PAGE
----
The Last of Us Part II
This game was met with immensely polarizing opinions. At first it seemed like there was a big fall out from the announcement that the main character was gay. Then it was the sense that it was deplorable the way they had one of the other main characters have a massive event take place which changes the game in a big way. And then it was the introduction of another one of the main characters. And then it was people having an issue with the way a transgender character you meet is handled. There was a lot to navigate before the game even got into my hands. But when I finally did settle down and spend the time with it, I cannot in my right mind understand how someone could find nothing to enjoy in it. Someone asked me while buying it once, “Is it good?” And when I started describing the way the storyline is certainly disarming, but has a lot of merit, he interrupted me saying, “Oh, I don’t care about the story at all. I just want to know if it’s got good gameplay.” After defending the game’s complicated, complex and nuanced story, it was nice to bore down on a totally different element of the game. Stripped down to just a video game, just a third person shooter, the game itself is one of the best on the console. Bar none. Some of the enemy types are a little played, and some of the scenarios they put you in feel a little bit like you are wedged into an obstacle strewn back road simply for the inconvenience and lengthening of the gameplay time, but what you’re actually performing and doing in the game feels tight. The suspense is sharp and the payoffs are worth the time you spend building to the climaxes. The people that you fight have such unique death sequences, such individual and specific things that they say and do in the firefights that it feels like you’re taking drastic actions in dire circumstances and truly surviving just as your enemy is. It’s a shame that there are a lot of scenes to describe in this game to really flesh out why it was one of my favorite titles of the generation, but I’ll try not to spoil the game by mentioning them with the utmost brevity. Museum. Seattle. Rat king. Isolated homestead (and the return). The crosses.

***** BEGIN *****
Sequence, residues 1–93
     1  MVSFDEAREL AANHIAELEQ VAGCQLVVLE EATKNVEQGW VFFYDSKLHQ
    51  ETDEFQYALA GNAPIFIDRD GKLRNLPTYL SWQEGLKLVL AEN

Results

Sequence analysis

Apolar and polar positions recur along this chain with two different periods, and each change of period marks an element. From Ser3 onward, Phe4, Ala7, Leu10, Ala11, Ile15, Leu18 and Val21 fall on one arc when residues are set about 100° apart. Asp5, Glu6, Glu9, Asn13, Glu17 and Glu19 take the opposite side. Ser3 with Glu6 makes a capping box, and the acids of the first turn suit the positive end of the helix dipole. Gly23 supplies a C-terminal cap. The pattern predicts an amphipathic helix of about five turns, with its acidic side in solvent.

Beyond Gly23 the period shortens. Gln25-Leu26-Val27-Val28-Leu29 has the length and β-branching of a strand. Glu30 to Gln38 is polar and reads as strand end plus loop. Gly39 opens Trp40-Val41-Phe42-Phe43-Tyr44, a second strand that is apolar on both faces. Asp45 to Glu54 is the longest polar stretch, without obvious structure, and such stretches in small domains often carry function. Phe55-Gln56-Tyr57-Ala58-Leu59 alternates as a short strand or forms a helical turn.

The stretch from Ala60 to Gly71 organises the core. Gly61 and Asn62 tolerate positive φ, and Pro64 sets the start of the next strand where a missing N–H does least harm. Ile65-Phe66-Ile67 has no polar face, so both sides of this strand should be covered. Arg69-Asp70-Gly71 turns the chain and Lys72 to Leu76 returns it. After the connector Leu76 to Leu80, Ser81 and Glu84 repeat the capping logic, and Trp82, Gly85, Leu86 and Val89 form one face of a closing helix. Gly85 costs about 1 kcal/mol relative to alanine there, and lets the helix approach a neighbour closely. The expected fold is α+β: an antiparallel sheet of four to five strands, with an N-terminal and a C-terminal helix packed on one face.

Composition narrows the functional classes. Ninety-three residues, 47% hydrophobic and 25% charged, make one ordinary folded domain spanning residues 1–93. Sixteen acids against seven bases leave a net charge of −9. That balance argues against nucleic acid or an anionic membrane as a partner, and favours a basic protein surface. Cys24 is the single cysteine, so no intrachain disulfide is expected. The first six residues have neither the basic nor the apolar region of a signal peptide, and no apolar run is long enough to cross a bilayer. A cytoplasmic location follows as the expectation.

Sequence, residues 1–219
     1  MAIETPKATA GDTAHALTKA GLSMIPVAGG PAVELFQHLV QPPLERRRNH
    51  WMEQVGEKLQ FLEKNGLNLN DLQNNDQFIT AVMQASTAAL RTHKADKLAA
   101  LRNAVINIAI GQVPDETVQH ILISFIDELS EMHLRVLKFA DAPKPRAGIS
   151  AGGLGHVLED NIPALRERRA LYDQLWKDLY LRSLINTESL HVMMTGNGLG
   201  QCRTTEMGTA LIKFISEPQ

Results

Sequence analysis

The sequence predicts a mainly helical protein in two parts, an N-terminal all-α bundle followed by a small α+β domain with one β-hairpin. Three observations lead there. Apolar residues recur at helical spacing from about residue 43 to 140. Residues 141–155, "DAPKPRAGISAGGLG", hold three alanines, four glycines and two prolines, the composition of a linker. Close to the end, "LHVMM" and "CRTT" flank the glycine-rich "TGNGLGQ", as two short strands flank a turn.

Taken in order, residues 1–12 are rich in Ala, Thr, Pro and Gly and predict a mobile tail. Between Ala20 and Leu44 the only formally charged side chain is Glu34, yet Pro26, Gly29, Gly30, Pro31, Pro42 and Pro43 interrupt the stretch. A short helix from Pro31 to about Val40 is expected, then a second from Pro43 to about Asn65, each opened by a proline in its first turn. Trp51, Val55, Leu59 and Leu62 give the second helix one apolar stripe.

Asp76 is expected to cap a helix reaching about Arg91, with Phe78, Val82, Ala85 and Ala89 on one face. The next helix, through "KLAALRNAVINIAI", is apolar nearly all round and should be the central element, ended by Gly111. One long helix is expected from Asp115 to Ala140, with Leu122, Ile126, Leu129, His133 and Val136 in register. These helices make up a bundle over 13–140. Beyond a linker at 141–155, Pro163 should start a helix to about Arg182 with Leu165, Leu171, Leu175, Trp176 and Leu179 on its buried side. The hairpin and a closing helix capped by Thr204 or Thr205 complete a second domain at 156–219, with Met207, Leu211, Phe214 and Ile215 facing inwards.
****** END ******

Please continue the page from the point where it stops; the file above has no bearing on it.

Enter the Gungeon
This is a game I own on the Xbox and Switch as well, but the Playstation is where it all started for me. I used to watch the trailer for this one on the PS4 demo unit at work, and it had a great feel to it. Pixelated bullet hell with happy go lucky bullets walking around shooting smaller bullets at me? Perfect. Actually getting time into the game, though, was something that actually changed something in me. It changed the type of games I wanted to play. It showed me what kind of joy a roguelike can bring you. The broad range of weapons that you can get (shotguns, muskets, guns that shoot guns, guns that shoot letters, guns that shoot words, beehives, grenade launchers) continues to impress me as I still play and still find new stuff to pick up. I find new items and new armors. With the randomly generated gungeon floors, there’s always something new to find. And I really do find myself getting better at the game each and every time I play it which is something that I don’t think I’ve done since we played 2 or 3 years straight of the NHL series on the 360. This game has a storyline to complete, a way to play the game and finish it. But in this game, it’s more about the journey, more about the little individual stories that pop up while you play it. More about finding a familiarity in the world and going deeper and deeper down into the gungeon to find a gun to kill the past. Similar to Geometry Wars: Retro Evolved on the 360, this is one of the games that didn’t live up to the console’s main specifications, didn’t show off the console’s power or capabilities, but when I think about games that I played during this generation, this simple little title is one that will always bubble up to the front of my mind.